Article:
The Law

BP Oil Spill Workers Can Still Pursue Claim After Late Filing

Two workers who helped clean up the BP oil spill in 2010 will still be able to pursue legal action despite a filing snafu.
By: | June 1, 2018

On April 20, 2010, the worst oil spill in U.S. history occurred 42 miles off the coast of Louisiana.

A BP Exploration & Production oil rig named the Deepwater Horizon exploded and sank in the Gulf of Mexico, killing 11 people and gushing oil from the ocean floor.

BP worked diligently to mend the error of its ways, deploying cleanup crews to scour the coast of the oil left behind. A number of these BP workers, however, filed a class action suit against the company, alleging they were made ill by chemical exposure during cleanup.

In January 2013, U.S. District Court Judge Carl Barbier approved the suit, which sought compensation and punitive damages for negligence and liability for personal injury and/or bodily injury, including physical, emotional and mental anguish stemming from the cleanup of the spill.

On April 20, 2010, the worst oil spill in U.S. history occurred 42 miles off the coast of Louisiana.

Fabio Concepcion and Mickey Joseph Thiboudaux were named parties in the class action suit. They agreed to the terms set forth in the 2013 ruling, which reserved the right of the class members to later bring a lawsuit against BP if new injuries or illnesses manifested. But before a class member could exercise this right, they needed to submit a Notice of Intent.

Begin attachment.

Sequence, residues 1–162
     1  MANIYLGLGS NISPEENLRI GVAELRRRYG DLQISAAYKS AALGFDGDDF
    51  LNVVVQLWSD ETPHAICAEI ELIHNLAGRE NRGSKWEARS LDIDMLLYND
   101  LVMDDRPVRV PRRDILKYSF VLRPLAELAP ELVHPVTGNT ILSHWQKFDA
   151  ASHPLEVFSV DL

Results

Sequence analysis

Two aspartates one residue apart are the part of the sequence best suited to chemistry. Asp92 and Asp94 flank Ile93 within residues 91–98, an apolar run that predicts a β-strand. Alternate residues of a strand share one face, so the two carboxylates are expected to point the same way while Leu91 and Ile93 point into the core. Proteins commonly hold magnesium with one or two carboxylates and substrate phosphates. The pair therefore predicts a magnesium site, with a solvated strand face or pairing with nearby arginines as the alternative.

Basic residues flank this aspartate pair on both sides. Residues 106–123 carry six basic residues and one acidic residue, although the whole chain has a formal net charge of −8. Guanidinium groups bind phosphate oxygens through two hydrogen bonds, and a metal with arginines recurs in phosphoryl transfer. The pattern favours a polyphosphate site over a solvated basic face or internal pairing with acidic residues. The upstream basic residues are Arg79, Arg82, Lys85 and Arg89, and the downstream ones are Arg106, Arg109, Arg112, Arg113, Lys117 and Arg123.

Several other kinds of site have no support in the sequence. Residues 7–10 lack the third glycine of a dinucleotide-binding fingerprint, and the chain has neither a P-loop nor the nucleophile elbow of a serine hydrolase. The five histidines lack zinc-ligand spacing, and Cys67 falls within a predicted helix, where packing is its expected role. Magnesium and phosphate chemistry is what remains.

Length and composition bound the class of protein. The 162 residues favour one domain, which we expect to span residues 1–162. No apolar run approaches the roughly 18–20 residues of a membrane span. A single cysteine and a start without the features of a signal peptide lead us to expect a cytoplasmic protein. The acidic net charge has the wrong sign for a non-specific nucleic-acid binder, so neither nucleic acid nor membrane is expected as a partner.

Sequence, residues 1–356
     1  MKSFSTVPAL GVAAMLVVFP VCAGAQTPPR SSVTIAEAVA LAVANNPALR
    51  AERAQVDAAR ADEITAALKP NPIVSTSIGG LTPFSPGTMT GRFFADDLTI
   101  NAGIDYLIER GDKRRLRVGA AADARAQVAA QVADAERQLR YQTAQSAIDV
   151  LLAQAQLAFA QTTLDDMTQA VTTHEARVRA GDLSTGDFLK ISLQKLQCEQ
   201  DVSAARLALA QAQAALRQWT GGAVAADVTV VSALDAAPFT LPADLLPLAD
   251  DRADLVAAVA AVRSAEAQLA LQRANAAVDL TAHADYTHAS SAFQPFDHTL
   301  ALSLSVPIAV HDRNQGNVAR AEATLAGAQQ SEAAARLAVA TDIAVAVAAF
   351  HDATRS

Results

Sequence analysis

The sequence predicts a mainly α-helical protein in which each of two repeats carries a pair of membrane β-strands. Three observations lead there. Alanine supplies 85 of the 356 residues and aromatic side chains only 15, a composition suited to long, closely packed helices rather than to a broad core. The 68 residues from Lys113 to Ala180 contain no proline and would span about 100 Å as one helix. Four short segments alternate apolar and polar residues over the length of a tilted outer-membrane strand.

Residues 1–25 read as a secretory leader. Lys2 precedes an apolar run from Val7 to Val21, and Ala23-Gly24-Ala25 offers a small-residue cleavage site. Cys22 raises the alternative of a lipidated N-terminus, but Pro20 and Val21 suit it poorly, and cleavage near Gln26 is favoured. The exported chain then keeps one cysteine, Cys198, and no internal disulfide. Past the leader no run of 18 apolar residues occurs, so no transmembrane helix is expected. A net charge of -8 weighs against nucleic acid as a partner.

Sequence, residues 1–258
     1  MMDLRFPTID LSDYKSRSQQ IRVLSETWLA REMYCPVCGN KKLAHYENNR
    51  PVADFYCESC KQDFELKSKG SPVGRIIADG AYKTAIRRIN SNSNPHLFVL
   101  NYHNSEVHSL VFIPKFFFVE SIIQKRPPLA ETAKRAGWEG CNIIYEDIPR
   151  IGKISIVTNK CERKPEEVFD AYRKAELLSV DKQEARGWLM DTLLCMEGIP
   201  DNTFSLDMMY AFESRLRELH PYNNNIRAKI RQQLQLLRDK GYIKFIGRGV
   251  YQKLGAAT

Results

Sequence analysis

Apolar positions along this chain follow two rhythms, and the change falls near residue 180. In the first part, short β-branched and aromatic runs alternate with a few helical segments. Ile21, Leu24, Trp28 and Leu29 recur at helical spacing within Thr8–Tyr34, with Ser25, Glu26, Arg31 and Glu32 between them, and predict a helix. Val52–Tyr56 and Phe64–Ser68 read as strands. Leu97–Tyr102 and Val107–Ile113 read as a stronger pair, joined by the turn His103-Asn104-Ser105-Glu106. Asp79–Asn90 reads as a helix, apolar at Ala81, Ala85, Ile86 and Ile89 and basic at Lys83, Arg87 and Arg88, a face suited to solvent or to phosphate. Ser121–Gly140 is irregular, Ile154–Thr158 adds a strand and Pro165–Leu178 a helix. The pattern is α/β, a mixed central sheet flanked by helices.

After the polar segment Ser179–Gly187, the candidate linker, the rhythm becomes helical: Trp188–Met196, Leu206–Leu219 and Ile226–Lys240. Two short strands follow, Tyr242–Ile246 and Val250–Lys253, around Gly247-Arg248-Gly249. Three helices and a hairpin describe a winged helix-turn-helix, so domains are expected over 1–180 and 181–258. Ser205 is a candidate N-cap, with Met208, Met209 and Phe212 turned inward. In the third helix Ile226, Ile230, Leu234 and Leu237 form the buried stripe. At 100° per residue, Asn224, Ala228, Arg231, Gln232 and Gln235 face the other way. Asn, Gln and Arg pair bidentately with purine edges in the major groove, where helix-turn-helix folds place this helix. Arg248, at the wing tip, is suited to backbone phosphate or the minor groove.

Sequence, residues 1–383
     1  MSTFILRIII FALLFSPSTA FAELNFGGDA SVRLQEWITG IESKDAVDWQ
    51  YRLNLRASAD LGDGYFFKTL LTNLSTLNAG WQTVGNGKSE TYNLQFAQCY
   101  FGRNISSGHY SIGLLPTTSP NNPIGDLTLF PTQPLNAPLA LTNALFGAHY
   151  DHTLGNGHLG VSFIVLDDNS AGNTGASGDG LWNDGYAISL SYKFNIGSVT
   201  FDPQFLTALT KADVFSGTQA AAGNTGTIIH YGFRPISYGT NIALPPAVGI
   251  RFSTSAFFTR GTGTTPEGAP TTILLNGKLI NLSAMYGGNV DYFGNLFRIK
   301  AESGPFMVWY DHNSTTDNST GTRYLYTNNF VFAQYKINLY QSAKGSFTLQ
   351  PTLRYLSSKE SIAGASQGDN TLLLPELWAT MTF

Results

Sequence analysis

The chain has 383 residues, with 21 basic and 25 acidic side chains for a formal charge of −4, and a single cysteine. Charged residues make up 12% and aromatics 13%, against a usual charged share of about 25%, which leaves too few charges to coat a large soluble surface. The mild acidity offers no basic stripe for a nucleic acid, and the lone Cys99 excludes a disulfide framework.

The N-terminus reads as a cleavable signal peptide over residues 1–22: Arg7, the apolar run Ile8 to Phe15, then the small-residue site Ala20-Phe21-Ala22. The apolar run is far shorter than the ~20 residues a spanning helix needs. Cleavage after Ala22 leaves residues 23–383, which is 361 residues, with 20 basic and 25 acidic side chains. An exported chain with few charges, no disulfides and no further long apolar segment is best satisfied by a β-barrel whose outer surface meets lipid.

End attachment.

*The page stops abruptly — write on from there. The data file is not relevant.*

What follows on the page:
Class members had to give BP 10 days’ notice. Then BP would have 30 days to decide whether or not to pursue mediation. If BP chose not to mediate, class members had six months to file suit.

Concepcion and Thiboudaux filed complaints and received notice of BP’s decision not to mediate on May 9, 2017. This gave both until November 9, 2017 to file suit against BP. Both men filed with the court, and the court clerk made docket entries indicating the complaints needed to be refiled as individual lawsuits instead of one complaint.

However, Concepcion’s and Thiboudaux’s counsel never received this information, instead letting the suits fall to the wayside. BP denied coverage based on a time-bar, but the workers brought the case to appeal.

In court, Judge Barbier reviewed the cases and determined the original agreement stood, despite the legal counsel’s error of not filing the suits on time.

Scorecard: Fabio Concepcion and Mickey Joseph Thiboudaux will both be able to pursue their individual lawsuits against BP.

Takeaway: While there may be parameters in place to prevent employees from suing a company, previous court filings may override current policy. &

Autumn Demberger is the content strategist at Risk & Insurance®. She can be reached at [email protected]

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